Splicing the dark heart of a folk-horror movie into the fluffy body of a rural Icelandic relationship drama yields unexpectedly fertile and darkly comic effects in Valdimir Jóhannsson’s creepy-funny-weird-sad “Lamb,” a film that proves just how far disbelief can be suspended if you’re in the hands of a director — and a cast, and an SFX/puppetry department — who really commit to the bit. Abetted by a performance of unwaveringly invested, freckled seriousness from Noomi Rapace (whose Icelandic certainly sounds convincing to a non-Nordic ear), “Lamb” is as curious a cross-breed as its central little miracle-monster, and just as much a wolf in sheep’s clothing.
Way out here on this isolated hillside, something is spooking the horses. In a majestic beginning, featuring some quite brilliant animal acting (“Lamb” won a Cannes Palm Dog Grand Prix for its canine performer, but were there equivalents for equine, feline and of course ovine actors, it would surely have swept the board), the camera prowls and plods its point-of-view way through misty fields. Finally this unseen, not-human-but-not-wholly-animal entity, whose unheimlich nature we understand through the huffing and snorting of Ingvar Lunderg and Björn Viktorsson’s endlessly inventive sound design, and through the panicked fleeing of livestock at its approach, arrives at the sheep barn. Docile ewes huddle together, but one is singled out and something is done to her. The radio plays a Christmas song.
This eerie opening is a fantastic showcase for DP Eli Arenson’s starkly beautiful photography, which plays to the opposite end of the horror spectrum from the jump scare or the sudden wobble; it finds steadiness to be much more scary, and calmness much more uncanny (here, perhaps, we most see the influence of Béla Tarr, Jóhannsson’s erstwhile mentor, whose name pops up as executive producer). The farm belongs to Maria (Rapace) and her partner, Ingvar (Hilmir Snær Gudnason), a hardworking, taciturn couple who, it transpires, are still grieving the loss of a child. Who knows if the silence that exists between them — not a hostile one but a silence nonetheless — only started after that tragedy, or if that’s just who they are. But certainly, the quiet of these misty, mountainous surroundings is unbroken by chatter, and that emptiness, carefully circumnavigated by the couple, becomes a perfect breeding ground for some arcane, perhaps pagan mythology to take root. When the ewe gives birth to a strange hybrid, the immediately lovestruck Maria and Ingvar adopt her as their own. They call her Ada.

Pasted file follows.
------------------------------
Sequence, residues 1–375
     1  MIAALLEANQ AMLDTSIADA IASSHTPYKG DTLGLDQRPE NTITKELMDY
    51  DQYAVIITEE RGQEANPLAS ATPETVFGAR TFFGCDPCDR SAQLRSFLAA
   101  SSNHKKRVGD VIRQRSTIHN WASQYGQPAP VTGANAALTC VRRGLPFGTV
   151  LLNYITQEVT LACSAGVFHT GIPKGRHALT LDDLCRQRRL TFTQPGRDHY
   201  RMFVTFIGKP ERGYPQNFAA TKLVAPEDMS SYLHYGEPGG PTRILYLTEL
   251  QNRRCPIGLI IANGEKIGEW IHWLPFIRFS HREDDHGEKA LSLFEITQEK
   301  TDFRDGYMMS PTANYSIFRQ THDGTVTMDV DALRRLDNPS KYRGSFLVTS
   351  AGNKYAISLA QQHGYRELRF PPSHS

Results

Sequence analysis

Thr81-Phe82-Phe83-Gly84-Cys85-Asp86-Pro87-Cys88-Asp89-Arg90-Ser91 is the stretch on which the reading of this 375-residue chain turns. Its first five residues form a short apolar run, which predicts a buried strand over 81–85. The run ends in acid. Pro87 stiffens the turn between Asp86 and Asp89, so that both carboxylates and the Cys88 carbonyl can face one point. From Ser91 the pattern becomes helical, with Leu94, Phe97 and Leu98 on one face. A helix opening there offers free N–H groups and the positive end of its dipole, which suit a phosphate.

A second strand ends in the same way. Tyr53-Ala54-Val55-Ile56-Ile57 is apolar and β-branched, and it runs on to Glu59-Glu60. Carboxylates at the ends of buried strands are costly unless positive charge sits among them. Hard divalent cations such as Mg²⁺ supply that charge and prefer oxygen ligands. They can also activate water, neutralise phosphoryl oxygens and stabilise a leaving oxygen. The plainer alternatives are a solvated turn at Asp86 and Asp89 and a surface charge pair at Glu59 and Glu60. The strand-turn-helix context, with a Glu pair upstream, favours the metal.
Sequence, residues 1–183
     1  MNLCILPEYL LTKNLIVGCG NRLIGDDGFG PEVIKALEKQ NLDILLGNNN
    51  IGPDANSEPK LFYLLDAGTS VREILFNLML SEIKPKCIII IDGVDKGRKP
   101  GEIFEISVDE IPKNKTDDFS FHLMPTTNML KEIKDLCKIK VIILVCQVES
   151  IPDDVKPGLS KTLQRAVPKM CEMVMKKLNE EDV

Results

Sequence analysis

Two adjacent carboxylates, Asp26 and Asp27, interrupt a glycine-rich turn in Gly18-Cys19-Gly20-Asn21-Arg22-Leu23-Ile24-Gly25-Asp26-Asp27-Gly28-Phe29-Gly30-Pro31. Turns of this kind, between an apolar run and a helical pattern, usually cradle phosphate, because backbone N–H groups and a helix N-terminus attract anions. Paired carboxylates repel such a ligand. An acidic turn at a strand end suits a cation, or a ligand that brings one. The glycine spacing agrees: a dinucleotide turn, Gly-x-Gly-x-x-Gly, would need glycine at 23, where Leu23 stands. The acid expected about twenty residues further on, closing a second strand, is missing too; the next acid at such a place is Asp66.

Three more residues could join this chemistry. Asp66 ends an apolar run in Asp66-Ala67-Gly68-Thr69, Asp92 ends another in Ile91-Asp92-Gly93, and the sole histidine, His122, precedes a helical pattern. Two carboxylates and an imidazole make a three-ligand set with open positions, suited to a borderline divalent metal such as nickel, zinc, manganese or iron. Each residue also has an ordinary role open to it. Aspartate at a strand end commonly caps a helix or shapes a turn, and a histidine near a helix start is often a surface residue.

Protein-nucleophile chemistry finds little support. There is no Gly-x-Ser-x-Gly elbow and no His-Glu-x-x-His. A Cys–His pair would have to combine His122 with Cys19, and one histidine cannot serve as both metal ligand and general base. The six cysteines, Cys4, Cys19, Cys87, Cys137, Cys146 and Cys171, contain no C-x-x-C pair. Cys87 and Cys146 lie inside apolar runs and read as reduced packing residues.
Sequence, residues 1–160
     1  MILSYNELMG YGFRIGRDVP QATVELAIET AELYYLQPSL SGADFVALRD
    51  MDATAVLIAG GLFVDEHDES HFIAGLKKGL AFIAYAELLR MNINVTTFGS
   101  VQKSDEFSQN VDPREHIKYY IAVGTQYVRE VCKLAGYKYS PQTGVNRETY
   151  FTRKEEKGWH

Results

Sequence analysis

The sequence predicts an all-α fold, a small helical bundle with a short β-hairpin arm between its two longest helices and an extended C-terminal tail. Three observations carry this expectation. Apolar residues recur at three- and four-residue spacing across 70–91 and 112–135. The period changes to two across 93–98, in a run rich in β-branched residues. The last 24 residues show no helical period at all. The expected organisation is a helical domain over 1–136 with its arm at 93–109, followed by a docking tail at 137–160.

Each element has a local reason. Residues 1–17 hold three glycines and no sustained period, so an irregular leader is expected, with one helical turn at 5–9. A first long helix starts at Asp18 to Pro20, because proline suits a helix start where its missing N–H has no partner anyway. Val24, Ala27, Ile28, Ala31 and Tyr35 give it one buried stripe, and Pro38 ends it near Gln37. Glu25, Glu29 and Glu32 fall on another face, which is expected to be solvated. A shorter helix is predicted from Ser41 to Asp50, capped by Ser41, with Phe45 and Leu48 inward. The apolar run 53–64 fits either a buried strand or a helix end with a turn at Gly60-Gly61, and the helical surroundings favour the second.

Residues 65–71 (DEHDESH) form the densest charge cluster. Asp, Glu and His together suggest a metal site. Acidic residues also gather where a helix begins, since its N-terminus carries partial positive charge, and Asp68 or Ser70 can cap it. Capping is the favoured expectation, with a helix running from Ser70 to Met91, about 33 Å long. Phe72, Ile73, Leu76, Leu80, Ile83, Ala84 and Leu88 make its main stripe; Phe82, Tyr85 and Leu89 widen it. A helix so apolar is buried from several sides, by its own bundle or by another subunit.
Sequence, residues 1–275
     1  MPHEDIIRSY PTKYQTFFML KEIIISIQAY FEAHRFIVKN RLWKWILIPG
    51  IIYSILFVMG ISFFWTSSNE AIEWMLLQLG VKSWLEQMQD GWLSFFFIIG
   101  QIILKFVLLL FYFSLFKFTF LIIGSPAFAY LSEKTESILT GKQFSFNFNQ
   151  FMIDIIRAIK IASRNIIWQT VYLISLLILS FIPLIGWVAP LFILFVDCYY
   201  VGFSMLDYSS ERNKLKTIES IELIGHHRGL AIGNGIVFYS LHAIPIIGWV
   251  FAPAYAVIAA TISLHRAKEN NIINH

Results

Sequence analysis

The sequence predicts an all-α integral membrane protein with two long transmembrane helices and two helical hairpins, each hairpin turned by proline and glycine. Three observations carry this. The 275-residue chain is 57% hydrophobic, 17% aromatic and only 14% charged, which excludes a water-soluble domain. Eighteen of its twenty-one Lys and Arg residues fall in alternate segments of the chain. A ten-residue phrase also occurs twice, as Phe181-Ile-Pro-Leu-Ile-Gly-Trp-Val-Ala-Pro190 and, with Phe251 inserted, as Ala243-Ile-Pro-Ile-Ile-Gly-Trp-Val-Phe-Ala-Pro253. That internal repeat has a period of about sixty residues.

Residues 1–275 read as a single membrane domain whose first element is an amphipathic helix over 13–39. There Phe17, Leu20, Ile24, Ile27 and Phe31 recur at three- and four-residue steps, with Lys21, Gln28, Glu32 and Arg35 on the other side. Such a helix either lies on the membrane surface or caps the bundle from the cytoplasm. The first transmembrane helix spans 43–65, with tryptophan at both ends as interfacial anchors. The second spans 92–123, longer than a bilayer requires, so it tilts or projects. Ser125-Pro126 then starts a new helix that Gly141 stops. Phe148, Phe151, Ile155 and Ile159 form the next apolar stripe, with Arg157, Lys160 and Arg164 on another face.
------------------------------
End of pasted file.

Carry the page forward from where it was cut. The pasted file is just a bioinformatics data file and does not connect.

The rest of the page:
Jóhannsson is hesitant to the point of coy about showing Ada — it happens at about the 40-minute mark, long after we’ve guessed what she actually is. And the teasing of so much artful framing, so many awestruck reaction shots, so many close-ups of Rapace’s sharp features softening into fuzzy maternal fondness, can get frustrating — just show us the thing already. But once Ada is shown (an excellent combination of practical and special effects) — and it’s a novelty image that never loses its inherent ridiculousness especially after she gets big enough to wear cute waders and dungarees — the decision to delay makes more sense. By that point, we’re so embedded in the heavy, absolutely straight-faced mood that Jóhannsson summons that even the absurdity of Ada’s little person cannot dispel the atmosphere of unease.
For a time, things go well. The new parents are contented, even if Maria does display the ruthless side of her maternal instincts toward Ada’s pining birth mother. But then Ingvar’s ne’er-do-well brother Pétur (Björn Hlynur Haraldsson), with whom Maria has some torrid romantic history, shows up in need of a place to stay, and suddenly this little “Iceland of Dr. Moreau” setup is under threat from a witness from the outside.
Pétur’s slow-blink reaction on being introduced to Ada is another masterstroke of delayed timing, here deployed for overtly humorous effect, giving the otherwise quite prodigiously unsmiling film a nice, cathartic belly laugh. But soon Pétur, too, is won over by the little tyke — the screenplay, tersely co-written by Jóhannsson and Icelandic writer, poet and lyricist Sjón (who also co-wrote Robert Eggers’ upcoming “The Northman”), hints at but never quite develops the idea of Ada’s slightly supernatural ability to make the adult humans around her fall for her. Similarly undercooked is a vaguely emergent religious analogy, with the film’s nativity-like opening — near a manger at Christmas — and Maria’s own name and occasional Madonna-like framing never really adding up to a real thesis.
Perhaps that’s because the storytelling most evoked here is pre-Christian, mythological, folkloric, the kind of discomfiting stories that were not designed to soothe children at bedtime but to threaten people — often mothers — with horrible punishments for upsetting the natural balance and grabbing more than their share of happiness from fate’s cruel, capricious claws. No matter how pure your intentions nor how real your pain, these ancient myths all teach us, debts always come due, and the chilling denouement of Jóhannsson’s dark, deliberate debut suggests that is what “Lamb” is: a modern-day take on some ancient, pre-Disneyfication fairy tale. Or, perhaps, a nursery rhyme with a sinister history encoded into its simple, spartan, sing-song melody: Maria had a little lamb, whose fleece was white as snow …
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